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Senate unveils national security bill, border policy deal

Legislation faces uncertain future in a divided Congress

Senate Appropriations Chair Sen. Patty Murray, D-Wash., released the national security supplemental on Sunday.
Senate Appropriations Chair Sen. Patty Murray, D-Wash., released the national security supplemental on Sunday. (Bill Clark/CQ Roll Call)

Senate negotiators on Sunday released the text of a $118.3 billion bill that would provide emergency national security funding for Ukraine, Israel, Taiwan and others and would change how the U.S. handles immigration through the southern border.

The bill, which the Senate is expected to attempt to take up this week as a substitute amendment to a legislative vehicle, is the product of months of negotiations between Republicans who insisted on an overhaul of immigration policy and Democrats who sought continued aid to Ukraine and now Israel in their respective wars.

But the legislation faces an uncertain future in a divided Congress, where Speaker Mike Johnson, R-La., has said it is “dead on arrival” in his chamber, and has panned the Senate for negotiating the measure without the input of House lawmakers.

Still, proponents of the Senate measure praised the bipartisan compromise that they hope will supersede the $110.5 billion security package Senate Democrats rolled out in December.

“I never believed we should link policy demands to emergency aid for our allies, but Republicans insisted — so Democrats negotiated in good faith over many weeks and now there is a bipartisan deal on border policy legislation,” said Senate Appropriations Chair Patty Murray, D-Wash., in a statement.

“What we have here is something that can pass the Senate and the House. There is no reason for drama, delay or partisanship,” Murray said.

Senate Majority Leader Charles E. Schumer, D-N.Y., called the package “one of the most necessary and important pieces of legislation Congress has put forward in years.”

But his Republican counterpart, Mitch McConnell, R-Ky., declined to immediately endorse the legislation, and instead said in a statement that the Senate “must carefully consider the opportunity” before it.

The bill would appropriate $60 billion in support of Ukraine — now nearly two years into a grinding war of attrition against Russia that has locked battle lines in place along Ukraine’s eastern flank.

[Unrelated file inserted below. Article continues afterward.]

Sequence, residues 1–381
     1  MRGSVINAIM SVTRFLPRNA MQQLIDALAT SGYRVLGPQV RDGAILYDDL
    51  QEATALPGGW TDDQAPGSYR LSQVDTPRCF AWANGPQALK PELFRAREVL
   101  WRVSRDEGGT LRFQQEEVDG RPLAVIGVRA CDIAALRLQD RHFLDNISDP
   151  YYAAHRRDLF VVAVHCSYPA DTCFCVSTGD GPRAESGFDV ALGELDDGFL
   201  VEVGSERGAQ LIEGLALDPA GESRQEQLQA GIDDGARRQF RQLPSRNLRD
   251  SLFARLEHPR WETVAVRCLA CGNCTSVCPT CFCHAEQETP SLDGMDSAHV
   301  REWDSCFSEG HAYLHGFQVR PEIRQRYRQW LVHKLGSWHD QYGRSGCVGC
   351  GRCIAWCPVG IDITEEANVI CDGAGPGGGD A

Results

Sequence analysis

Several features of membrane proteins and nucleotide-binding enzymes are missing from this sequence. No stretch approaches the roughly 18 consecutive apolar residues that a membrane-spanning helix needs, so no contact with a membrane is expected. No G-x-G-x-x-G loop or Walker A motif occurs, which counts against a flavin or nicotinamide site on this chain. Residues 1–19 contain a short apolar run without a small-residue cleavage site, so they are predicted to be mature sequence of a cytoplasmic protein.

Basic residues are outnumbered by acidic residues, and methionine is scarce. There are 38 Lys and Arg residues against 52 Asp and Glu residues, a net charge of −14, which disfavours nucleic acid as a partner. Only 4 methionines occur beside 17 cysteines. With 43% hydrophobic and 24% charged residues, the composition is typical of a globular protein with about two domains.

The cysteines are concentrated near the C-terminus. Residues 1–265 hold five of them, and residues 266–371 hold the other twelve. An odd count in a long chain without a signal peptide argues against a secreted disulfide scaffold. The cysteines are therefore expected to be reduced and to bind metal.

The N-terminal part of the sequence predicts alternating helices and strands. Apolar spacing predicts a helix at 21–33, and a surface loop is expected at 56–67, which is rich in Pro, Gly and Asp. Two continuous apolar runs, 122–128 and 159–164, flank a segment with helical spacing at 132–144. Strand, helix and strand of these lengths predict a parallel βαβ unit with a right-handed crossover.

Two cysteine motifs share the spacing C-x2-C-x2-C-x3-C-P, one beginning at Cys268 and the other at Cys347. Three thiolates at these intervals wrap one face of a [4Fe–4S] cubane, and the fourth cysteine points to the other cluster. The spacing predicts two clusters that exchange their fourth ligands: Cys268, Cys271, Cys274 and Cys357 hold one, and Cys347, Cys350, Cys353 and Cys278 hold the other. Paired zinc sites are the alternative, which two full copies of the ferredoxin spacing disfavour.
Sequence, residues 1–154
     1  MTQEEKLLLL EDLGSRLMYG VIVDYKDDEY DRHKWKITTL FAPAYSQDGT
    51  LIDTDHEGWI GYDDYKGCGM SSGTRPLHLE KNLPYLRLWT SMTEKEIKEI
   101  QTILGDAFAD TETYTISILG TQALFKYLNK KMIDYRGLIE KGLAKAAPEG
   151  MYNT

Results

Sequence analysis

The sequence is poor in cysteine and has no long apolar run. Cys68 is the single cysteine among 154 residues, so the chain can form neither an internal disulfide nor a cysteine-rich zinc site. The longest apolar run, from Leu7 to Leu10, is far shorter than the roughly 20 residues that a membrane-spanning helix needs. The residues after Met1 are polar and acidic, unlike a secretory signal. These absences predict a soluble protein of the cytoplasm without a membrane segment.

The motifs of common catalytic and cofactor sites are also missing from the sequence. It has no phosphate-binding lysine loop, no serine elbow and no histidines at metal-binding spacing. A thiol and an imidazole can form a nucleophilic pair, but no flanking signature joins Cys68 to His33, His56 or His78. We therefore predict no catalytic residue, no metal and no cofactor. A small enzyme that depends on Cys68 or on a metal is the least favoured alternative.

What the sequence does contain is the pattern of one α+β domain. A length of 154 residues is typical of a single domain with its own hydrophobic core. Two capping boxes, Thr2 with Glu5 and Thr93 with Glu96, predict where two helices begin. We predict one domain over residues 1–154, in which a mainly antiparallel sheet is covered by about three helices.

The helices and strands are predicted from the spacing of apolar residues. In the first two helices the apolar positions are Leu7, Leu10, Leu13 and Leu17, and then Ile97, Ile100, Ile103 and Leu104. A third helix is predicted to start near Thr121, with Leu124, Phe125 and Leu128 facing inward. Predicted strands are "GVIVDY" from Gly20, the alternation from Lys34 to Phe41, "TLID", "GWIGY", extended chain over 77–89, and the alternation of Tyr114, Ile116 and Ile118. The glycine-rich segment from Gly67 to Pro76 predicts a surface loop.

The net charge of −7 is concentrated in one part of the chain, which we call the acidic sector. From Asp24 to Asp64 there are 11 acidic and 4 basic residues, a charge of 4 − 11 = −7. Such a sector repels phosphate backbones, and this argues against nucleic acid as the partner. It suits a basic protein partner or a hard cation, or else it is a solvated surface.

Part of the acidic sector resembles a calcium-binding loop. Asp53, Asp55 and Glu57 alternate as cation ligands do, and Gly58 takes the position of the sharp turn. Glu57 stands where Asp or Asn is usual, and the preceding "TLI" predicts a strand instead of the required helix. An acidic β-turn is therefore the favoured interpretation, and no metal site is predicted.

Of those dollars, nearly $20 billion would go toward replenishing the Defense Department’s stocks of weapons and equipment, according to a summary provided by Murray. Another $13.8 billion would allow Ukraine to re-arm itself by purchasing additional weapons from U.S. defense manufacturers, and nearly $15 billion would be allocated to other forms of support, including U.S. intelligence sharing and military training.

The package also includes $14.1 billion in emergency aid for Israel, which has been at war with Hamas since Oct. 7, and $2.4 billion to support U.S. Central Command and address combat expenses related to conflict in the Red Sea.

On top of the emergency aid for Israel, the package would include $10 billion in humanitarian assistance for civilians in Gaza, the West Bank, Ukraine and other conflict zones.

The bill also includes nearly $5 billion to support American interests in the Indo-Pacific, including to bolster the U.S. industrial base by replenishing American weapons that have been sent to Taiwan.

The measure also includes provisions to prohibit U.S. funding for the United Nations Relief and Works Agency. Last month, Israel provided evidence that staffers for the agency were involved in the Oct. 7 Hamas attack on Israel. American officials have said the evidence is “credible.”

And it would require the Biden administration to submit a strategy to Congress regarding ongoing support for Ukraine in its war.

But the key to unlocking those tens of billions of dollars worth of emergency national security aid is also included in the bill: a host of immigration policy changes aimed at stemming the flow of migrants into the U.S. via the southern border — a situation lawmakers from both parties have described as a crisis.

According to Connecticut Democrat Christopher S. Murphy, one of the lead negotiators of the package, the proposed legislation would empower the president to reduce the flow of migrants into the U.S., speed up the asylum approvals process, which currently can take years, and expand legal pathways to immigration.

To that end, the bill includes just over $20 billion to address the operational needs and expand capabilities at the southern border.

Headwinds in the House

But concurrent headwinds from Republican leadership in the House may endanger the legislation’s future.

On Saturday, Johnson told GOP lawmakers that he’s preparing to bring a stand-alone, $17.6 billion supplemental funding package for Israel and U.S. troops in the Middle East to the House floor this week — a move detractors decry as an effort to preempt the Senate’s push on its own, much broader supplemental.

“Given the Senate’s failure to move appropriate legislation in a timely fashion, and the perilous circumstances currently facing Israel, the House will continue to lead. Next week, we will take up and pass a clean, standalone Israel supplemental package,” Johnson, R-La., wrote in a letter to colleagues on Saturday.

The future of both packages is unclear. The Senate is unlikely to scrap its own bill, which is far more comprehensive and includes some of the most substantive border policy changes the U.S. has seen in years, for any standalone measure from the House.

The House, in turn, for now appears unlikely to take up the broader Senate bill.

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